The Big Bad Fox by Benjamin Renner

[Reviewed from Copy Courtesy of First Second Books]

The Big Bad Fox

The Big Bad Fox by author, illustrator, and cartoonist Benjamin Renner is hilarious, honest, and a remarkably therapeutic commentary on right and wrong, politicians and politics, real and perceived enemies, struggling with our inner nature, the insanity of love, and the sheer chaos of parenthood. (There’s more, but the previous sentence was getting way too long.)

Fox, our anti-hero, is hungry and he wants chicken! Fox breaks into the hen house of a nearby farm only to get the stuffing beaten out of him by the chickens again and again. This is not an unusual occurrence for him and he is seen as more of a nuisance than a real threat. Other barnyard animals, who are a mix of sympathetic and resigned, are ready with an offering of turnips to help fill his hungry, defeated belly. The chickens are angry and they want the farm’s guard dog to do something about it, but the dog is a true bureaucrat and politician and takes minimal steps to intercede.

The Big Bad Fox

From The Big Bad Fox by Benjamin Renner

Fox gets tired of being such a failure. He consults with a sinister and actually dangerous wolf and together they devise a plan. Fox will break in to the farm, steal some eggs, hatch them himself, and then they can both eat chickens without fear of being harmed.

It sounds like a solid plan. What could possibly go wrong?

Love. That’s what goes wrong. The adorable chicks fall in love with Fox and declare he is their Mommy.

The Big Bad Fox

From The Big Bad Fox by Benjamin Renner.

In order to get the chicks to be big enough to eat, he has to raise them and teach them how to be chickens. Eventually Wolf is ready to eat them, but Fox isn’t so sure anymore. After surviving his first few weeks of parenting, he gets attached to the chicks. He keeps coming up with delay tactics, but that’s only going to hold Wolf away for so long. Meanwhile, the farm chickens have organized and are preparing to take down Fox the next time he dares to step foot on their farm. The next thing we know, Fox is out of time and Wolf wants his chickens now or else he’s going to take down Fox, too. The only safe place for the chicks is back at the farm, but that’s also the most dangerous place for him — what’s a parent to do? Surely he wouldn’t put himself in even more jeopardy just for a few chicks he was planning to eat in the first place? Oh wait, he’s a parent now. Nothing is too insane.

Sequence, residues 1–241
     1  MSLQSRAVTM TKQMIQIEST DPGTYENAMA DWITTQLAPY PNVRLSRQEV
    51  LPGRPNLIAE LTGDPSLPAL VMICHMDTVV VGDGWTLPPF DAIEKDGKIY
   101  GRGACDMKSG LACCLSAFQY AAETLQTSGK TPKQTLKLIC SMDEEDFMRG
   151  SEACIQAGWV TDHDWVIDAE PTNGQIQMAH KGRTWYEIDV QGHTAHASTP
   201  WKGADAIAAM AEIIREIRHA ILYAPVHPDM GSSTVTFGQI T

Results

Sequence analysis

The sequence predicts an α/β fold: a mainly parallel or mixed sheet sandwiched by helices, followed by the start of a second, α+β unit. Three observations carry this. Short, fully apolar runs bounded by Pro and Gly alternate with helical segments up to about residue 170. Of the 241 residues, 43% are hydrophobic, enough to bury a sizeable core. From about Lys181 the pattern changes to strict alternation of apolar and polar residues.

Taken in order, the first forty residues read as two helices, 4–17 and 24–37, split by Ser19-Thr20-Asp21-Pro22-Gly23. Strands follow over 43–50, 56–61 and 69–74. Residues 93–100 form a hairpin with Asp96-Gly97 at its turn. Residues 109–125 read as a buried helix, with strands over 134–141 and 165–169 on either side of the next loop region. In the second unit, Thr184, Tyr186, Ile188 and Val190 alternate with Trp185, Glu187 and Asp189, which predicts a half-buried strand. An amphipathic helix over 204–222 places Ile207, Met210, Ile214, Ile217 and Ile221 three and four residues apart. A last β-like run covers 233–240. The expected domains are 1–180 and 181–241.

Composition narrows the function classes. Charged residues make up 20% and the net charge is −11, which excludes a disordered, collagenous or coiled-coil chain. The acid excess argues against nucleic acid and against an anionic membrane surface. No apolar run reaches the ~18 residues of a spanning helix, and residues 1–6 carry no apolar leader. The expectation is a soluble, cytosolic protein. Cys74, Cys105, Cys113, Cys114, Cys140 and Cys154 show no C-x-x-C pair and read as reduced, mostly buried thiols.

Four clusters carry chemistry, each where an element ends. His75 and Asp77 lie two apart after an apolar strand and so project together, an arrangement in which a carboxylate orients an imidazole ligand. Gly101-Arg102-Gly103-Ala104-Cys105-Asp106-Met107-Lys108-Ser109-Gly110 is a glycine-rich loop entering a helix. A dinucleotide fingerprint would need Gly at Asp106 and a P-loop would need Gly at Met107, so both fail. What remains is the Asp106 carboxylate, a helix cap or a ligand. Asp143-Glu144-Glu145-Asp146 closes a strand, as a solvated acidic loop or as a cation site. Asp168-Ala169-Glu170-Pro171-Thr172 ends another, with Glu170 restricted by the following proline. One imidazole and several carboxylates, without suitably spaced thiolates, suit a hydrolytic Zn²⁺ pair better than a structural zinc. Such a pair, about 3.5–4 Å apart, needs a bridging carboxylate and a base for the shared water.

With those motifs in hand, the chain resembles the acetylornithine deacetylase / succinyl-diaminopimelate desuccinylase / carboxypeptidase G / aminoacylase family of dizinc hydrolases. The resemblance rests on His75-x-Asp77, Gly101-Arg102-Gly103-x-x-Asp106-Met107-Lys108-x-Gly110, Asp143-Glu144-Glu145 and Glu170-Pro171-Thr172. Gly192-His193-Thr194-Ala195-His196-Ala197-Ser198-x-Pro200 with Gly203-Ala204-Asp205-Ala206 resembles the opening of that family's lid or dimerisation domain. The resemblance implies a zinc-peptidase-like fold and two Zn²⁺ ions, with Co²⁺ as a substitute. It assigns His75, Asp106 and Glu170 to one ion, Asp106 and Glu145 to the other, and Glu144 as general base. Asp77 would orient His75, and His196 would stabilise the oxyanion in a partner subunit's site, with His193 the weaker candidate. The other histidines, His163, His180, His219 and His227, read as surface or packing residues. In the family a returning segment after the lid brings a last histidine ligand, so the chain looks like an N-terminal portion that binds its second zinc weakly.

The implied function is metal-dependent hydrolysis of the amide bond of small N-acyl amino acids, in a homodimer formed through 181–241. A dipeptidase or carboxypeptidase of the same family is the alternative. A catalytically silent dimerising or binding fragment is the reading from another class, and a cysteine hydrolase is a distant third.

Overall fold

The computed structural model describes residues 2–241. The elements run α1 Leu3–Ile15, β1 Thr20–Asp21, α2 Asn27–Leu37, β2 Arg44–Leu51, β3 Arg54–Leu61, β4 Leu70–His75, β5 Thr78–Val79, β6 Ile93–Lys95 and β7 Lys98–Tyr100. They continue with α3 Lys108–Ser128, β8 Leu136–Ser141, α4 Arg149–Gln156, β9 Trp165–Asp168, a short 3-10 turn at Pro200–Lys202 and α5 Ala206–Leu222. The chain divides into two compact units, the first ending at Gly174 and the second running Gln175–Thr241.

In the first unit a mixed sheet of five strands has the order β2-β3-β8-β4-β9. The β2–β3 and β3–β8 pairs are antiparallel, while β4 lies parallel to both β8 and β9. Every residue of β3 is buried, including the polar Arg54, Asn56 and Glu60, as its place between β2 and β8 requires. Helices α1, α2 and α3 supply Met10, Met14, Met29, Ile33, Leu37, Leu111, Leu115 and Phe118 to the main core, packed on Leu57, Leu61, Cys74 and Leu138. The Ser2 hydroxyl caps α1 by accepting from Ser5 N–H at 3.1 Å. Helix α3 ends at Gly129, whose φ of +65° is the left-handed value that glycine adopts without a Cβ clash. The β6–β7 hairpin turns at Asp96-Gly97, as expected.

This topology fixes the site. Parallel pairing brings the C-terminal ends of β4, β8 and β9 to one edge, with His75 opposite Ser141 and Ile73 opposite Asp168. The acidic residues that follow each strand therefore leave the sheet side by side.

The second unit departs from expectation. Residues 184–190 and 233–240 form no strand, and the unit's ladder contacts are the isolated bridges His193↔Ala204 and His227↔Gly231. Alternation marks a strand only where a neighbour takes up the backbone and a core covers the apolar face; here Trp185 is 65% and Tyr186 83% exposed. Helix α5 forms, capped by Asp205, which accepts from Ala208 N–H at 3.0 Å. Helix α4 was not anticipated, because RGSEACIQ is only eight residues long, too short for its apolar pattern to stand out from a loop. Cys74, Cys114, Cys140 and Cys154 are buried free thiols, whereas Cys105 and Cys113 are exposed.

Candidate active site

The Big Bad Fox is an utterly engrossing and compulsive read. As a parent, you’ll find yourself laughing at how honestly and perfectly Renner captures the insanity of raising and negotiating with little ones. The chicks adeptly portray some of the most face-palming parenting moments and how often solid and sound parenting techniques can completely backfire. Quickly you find yourself sympathizing with the fox, which is nuts because he’s a kidnapper! But he changes his ways and you find out he isn’t the pathetic loser he initially seems to be. There are certainly points of the story where you wonder which way Renner is going to go with the plot, because he had plenty of opportunities to devastate you – but Renner is merciful and gives an ending that is satisfying, funny, and yet painfully honest.

My sons enjoy The Big Bad Fox immensely, but for very different reasons. They enjoy the slapstick humor, the overwhelming cuteness and shenanigans of the chicks, and general walloping the fox takes. They especially enjoy rooting for the underdog, but definitely don’t comprehend how skillfully and accurately his agony and frustrations are portrayed.

The cartoon illustrations are wonderfully done and are a perfect balance of humor and beauty. There are no traditional panels, but white space is expertly used to separate the scenes and set the pace of the story so that it is a smooth and seamless read.

Originally published in 2015 in French, but now available in English, The Big Bad Fox is excellent in every way.  You’ll love reading it and laughing with your kids — and maybe, just maybe, they’ll walk away with a little glimmer of the glories and complications of what it is like to be a parent to unpredictable and rambunctious little ones.

Keep an eye out because an adaptation of The Big Bad Fox is coming soon to the screens of North America. Read more about it at Variety.com.

See the Trailer for the Animated Special:

Recommended Ages 7 to 11. First Second Books. June 2017. 192 pages. ISBN: 978-1626723313 Graphic Novel.

Where to Get it:

Author and Illustrator Websites:

More Reviews:

Where Obtained:  I received a review copy from the publisher. No other compensation was received.  I am disclosing this in accordance with the Federal Trade Commission’s 16 CFR, Part 255: “Guides Concerning the Use of Endorsements and Testimonials in Advertising.”

FTC Disclosures:  Some of the links in the post above are Amazon affiliate links and others are IndieBound affiliate links. If you click on the link and purchase something, I will receive an affiliate commission at no additional cost to you. Which goes to fund my family’s picture book habit.  It’s a vicious cycle, but we manage.  I am disclosing this in accordance with the Federal Trade Commission’s 16 CFR, Part 255: “Guides Concerning the Use of Endorsements and Testimonials in Advertising.”

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